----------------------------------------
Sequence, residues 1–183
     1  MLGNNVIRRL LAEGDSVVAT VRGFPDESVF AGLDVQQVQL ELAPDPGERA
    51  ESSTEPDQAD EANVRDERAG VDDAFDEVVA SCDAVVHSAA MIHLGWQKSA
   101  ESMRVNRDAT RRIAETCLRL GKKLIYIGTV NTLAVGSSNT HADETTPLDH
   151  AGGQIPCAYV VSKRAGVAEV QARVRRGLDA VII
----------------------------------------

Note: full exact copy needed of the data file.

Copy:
Sequence, residues 1–183
     1  MLGNNVIRRL LAEGDSVVAT VRGFPDESVF AGLDVQQVQL ELAPDPGERA
    51  ESSTEPDQAD EANVRDERAG VDDAFDEVVA SCDAVVHSAA MIHLGWQKSA
   101  ESMRVNRDAT RRIAETCLRL GKKLIYIGTV NTLAVGSSNT HADETTPLDH
   151  AGGQIPCAYV VSKRAGVAEV QARVRRGLDA VII